To end this tremendous loss of health and lives from a cancer that can be prevented if detected early and managed effectively, WHO has recommended a global strategy for its elimination as a public health problem. Strategy targets include vaccinating 90 percent of young girls against HPV (primary prevention) and screening 70 percent of women using a high-performance test, such as HPV DNA testing, by age 35 and again by age 45, subsequently treating 90 percent of women with precancerous lesions (secondary prevention strategy) and managing 90 percent of women found with invasive cancer.  

To expand access to cervical cancer screening, Jhpiego mobilizes civil society partners and, increasingly, community health workers (CHWs) to create awareness among women in the 25–55-year age group. 

“Besides training 632 health care providers, including clinicians, laboratory workers, and pharmacists, we have trained 35 CHWs to disseminate knowledge among [the] communities they serve about the importance of cervical cancer screening, and encourage women to get tested,” said Dr. Traoré.  

Community health workers at the ready  

Belguissa Ouédraogo is one such CHW. Easily recognizable by her yellow fluorescent vest, she visits women in their homes and shares cervical cancer prevention information using simple illustrated charts. She also educates women on malaria prevention, antenatal care, compliance with vaccination schedules, family planning and child nutrition.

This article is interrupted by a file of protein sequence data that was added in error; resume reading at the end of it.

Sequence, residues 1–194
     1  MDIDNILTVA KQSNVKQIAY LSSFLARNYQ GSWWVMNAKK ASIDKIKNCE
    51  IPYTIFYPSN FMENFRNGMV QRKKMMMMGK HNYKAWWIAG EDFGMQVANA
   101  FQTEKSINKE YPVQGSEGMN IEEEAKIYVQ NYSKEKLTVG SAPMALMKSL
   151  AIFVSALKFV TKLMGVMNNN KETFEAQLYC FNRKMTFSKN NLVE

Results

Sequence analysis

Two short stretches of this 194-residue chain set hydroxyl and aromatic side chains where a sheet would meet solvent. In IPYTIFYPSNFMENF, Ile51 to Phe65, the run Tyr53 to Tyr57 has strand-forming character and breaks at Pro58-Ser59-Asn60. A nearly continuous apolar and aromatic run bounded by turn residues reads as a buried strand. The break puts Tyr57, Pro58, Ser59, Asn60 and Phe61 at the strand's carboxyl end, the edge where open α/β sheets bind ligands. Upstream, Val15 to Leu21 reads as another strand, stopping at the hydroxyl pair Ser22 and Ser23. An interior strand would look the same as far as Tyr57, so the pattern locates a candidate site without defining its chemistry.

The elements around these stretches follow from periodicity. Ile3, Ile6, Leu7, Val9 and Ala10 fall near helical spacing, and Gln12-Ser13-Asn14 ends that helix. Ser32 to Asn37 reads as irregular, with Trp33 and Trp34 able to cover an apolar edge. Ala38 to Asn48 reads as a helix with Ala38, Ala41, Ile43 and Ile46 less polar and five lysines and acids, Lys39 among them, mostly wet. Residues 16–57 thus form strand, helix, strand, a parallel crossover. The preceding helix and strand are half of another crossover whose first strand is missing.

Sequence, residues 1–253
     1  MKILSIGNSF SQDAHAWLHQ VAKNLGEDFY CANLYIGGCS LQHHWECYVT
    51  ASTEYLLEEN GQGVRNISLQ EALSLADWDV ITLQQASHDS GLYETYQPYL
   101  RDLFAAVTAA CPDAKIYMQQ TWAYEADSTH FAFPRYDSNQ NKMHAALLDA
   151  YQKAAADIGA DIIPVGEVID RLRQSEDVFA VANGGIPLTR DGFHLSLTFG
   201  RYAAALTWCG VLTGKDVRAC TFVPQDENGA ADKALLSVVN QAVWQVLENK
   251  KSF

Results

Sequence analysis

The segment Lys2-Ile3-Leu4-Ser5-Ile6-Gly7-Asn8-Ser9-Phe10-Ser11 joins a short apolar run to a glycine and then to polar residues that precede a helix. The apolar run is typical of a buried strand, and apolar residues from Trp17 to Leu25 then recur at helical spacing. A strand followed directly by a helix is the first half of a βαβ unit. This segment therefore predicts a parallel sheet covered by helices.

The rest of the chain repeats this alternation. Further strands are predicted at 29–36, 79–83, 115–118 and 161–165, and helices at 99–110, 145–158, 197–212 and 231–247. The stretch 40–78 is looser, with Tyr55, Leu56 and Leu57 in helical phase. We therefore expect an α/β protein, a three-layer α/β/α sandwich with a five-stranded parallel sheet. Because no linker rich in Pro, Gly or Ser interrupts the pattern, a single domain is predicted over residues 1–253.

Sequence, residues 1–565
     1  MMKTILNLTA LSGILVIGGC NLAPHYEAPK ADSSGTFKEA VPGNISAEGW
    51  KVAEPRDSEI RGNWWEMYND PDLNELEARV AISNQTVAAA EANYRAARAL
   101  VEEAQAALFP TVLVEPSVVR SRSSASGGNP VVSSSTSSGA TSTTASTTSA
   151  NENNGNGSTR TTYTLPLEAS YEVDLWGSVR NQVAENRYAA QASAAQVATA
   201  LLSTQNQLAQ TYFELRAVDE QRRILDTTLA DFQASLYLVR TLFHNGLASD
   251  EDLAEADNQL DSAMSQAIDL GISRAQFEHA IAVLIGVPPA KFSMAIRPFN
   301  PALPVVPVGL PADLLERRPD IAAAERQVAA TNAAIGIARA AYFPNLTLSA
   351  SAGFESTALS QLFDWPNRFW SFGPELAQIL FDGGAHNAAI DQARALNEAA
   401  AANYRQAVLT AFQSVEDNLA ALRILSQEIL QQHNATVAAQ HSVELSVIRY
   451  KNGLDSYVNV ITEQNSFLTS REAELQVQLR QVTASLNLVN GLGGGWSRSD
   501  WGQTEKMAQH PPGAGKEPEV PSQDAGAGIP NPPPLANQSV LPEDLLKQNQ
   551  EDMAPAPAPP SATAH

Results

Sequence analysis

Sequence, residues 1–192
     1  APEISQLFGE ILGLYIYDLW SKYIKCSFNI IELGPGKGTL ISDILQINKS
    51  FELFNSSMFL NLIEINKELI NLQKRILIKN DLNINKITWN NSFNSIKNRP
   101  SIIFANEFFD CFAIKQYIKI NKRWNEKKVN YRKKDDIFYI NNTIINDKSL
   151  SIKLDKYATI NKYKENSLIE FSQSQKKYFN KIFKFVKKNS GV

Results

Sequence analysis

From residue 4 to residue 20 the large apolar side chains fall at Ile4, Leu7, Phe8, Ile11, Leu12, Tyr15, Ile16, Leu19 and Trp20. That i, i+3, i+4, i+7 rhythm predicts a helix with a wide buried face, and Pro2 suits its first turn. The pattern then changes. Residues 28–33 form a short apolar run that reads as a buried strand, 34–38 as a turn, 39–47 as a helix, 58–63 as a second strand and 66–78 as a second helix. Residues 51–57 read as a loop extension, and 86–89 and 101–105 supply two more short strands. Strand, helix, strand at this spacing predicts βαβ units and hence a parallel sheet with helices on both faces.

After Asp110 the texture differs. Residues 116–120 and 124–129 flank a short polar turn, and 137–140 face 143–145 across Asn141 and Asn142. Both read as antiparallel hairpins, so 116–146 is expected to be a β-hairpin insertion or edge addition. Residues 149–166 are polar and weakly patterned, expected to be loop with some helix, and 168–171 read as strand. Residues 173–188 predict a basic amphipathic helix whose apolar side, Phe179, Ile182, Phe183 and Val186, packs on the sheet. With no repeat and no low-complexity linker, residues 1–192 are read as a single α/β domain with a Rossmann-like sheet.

“I admit that I did not know much about cervical cancer. The training allowed me to understand the disease, its mode of transmission, its evolution toward the stage of cancer. But, the key message is the fact that it is a disease that any woman can avoid if she is informed and sensitized,” said Belguissa, a 36-year-old mother of four. 

 “Convincing women to get screened when they have no symptoms, and feel perfectly healthy is not an easy task.”  


But her perseverance is rewarded when women such as Rouki Compaoré say, “I thank Belguissa for the time she took to convince me. . . . When I finally decided to get tested, the results revealed that I was developing precancerous lesions. The health center team was able to treat them and today my cervix is free of any precancerous lesions. This treatment saved my life.”  

By September 2022, the SUCCESS project had screened almost 20,000 women for HPV in Burkina Faso, 21 percent of whom were living with HIV. Across the four SUCCESS countries, more than 100,000 women have been screened.  

The leadership shown by Burkina Faso and other SUCCESS countries helps drive the momentum of keeping women healthy and safe from cervical cancer. 

“The ministry of health understands the advantages of this approach, and that gives us the confidence that efforts to strengthen cervical cancer elimination will not just sustain, but also get scaled up in the future,” said Dr. Traoré. 

Souleymane Zaré is the communications specialist in Jhpiego’s Burkina Faso office. Indrani Kashyap is the Associate Director of Regional Communications.  

Jhpiego believes that when women are healthy, families and communities are strong. We won’t rest until all women and their families—no matter where they live—can access the health care they need to pursue happy and productive lives.